Interview With ‘Lost A Girl’ director Nicholas Winter by Dean Sills
Interview With Lost A Girl director Nicholas Winter by Dean Sills
Synopsis – Lost A Girl
A new job, a new city, a new start. As Saskia waves goodbye to her ex-boyfriend and sister, with them go the last vestiges of a scarred childhood, and for the first time she feels the excitement and potential of a life away from the demons of her past.
Having settled into the job, Saskia becomes aware of unusual tensions between herself and her colleagues. Animosity and hostility circulate. Feeling isolated and alone, her co-workers appear to be conspiring against her, but all is not as it seems.
A clandestine meeting with her boss sets her mind racing about the possibilities of corporate sabotage and character assassinations and Saskia is plunged into a world of paranoia, jealousy and betrayal.
An outside investigation is launched and Saskia is enlisted as a trusted employee to help with small tasks concerning the security of the company.
With no one to turn to and mounting pressures on her performance at work, the cracks begin to appear. A malignant force permeates the darkness and encroaches on Saskia in ways she never thought possible.
Kate, a co-worker, goes missing, and the police begin an investigation. It seems someone is trying to frame Saskia and she needs to find out who, before it’s too late.
Saskia learns that her actions have terrifying consequences, and as truths are uncovered, an evil is unleashed that she had long forgotten but could never escape.
Now you all know a little about the movie please welcome the director of ‘Lost A Girl’ to UK Horror Scene, Welcome Nicholas and thank you for talking to UKHS about your new movie.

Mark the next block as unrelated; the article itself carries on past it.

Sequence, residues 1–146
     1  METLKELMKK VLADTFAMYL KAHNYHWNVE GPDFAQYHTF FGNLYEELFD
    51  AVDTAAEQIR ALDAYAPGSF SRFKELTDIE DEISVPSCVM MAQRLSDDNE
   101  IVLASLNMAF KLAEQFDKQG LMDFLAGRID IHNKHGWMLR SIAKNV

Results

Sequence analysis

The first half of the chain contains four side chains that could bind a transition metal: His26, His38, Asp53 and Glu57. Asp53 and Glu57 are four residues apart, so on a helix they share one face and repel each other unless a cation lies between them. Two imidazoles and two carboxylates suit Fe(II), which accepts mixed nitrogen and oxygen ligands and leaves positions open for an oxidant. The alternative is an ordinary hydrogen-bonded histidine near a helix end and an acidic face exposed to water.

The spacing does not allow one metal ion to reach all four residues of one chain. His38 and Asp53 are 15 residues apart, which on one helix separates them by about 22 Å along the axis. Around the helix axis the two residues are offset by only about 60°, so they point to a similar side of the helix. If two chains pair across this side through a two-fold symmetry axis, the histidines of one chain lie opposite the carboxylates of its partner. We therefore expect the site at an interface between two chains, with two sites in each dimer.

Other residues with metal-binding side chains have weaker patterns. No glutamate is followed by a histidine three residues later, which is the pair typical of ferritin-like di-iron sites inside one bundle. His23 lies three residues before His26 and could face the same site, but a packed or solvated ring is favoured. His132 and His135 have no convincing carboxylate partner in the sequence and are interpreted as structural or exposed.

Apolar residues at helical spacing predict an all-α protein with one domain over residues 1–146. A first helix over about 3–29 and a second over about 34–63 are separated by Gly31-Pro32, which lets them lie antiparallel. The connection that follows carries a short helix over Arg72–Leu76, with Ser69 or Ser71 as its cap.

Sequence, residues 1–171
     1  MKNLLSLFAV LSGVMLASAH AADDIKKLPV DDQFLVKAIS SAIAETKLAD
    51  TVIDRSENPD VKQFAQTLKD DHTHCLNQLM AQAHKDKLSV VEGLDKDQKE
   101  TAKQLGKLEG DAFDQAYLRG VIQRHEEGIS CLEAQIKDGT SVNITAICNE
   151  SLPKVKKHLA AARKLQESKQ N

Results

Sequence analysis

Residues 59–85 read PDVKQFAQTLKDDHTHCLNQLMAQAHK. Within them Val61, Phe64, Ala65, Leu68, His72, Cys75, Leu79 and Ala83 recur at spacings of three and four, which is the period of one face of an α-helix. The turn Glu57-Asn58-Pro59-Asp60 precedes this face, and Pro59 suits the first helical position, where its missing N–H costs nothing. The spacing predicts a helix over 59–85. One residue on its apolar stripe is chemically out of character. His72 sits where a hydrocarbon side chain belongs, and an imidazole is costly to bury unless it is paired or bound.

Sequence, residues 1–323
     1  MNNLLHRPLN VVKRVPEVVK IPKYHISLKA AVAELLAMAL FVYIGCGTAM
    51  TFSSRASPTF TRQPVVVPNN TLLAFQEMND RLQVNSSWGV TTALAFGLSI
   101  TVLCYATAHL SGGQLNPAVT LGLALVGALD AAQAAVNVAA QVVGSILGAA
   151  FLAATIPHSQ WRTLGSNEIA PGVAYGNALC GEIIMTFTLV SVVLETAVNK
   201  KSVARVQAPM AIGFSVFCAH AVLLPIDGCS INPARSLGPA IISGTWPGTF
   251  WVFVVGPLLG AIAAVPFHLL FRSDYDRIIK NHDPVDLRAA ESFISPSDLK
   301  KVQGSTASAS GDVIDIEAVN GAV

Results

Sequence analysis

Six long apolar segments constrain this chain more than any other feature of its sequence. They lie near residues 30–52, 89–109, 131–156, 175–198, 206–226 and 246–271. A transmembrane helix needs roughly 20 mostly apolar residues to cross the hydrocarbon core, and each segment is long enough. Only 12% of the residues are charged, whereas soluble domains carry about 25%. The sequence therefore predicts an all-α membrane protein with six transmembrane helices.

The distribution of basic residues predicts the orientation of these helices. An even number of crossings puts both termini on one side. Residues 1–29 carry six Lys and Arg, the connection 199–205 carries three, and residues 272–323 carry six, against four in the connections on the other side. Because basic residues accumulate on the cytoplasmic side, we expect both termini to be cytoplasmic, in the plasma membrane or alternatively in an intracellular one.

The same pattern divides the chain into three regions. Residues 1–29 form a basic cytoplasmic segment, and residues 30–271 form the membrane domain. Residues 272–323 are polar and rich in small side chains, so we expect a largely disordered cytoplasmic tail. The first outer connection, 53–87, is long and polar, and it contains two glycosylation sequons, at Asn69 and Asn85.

OK, let’s get started with the questions, Nicholas.
UKHS – Can you please tell us a little about yourself and your production company Porcelain Film Ltd ?
NW – I started Porcelain back in 2004, just to give the films I made a genuine legitimate feel, especially when approaching other companies for sales and distribution. The first official Porcelain Film, was a short called ‘Lo-Fi’, shot on the Canon XM2 in awesome Mini DV. The film starred Gina Lyons, who, while working on the film, was very interested in how everything behind the scenes was being set up. So we promptly thought it might be a good idea to start producing films together.
After ‘Lo-Fi’ was made and was eventually sold (which was after about a year of different short film festivals) we set about planning the future for Porcelain Film, with various projects, with a few more short films and then eventually the kamikaze leap to feature films.
UKHS – What was the inspiration behind ‘Lost A Girl’ ?
NW – I saw an opportunity to make a simple film, which would be situational in nature, while trying to brainstorm a few ideas about a year ago (around August 2012). I’d had an idea about a paranoid protagonist whose life is systemically deconstructed, but I didn’t know where to set it. I let that idea brew for a while – the idea slowly morphed into something that I could begin to enjoy creating – with that simple deconstruction idea I could tap into the working world, and the office environment, where you have a nice cross section of personalities. Add to that a sense of unease and tension and I knew I could create a film that had a world of its own and would have a sinister mood and atmosphere throughout, which got me fired up to go off and make it…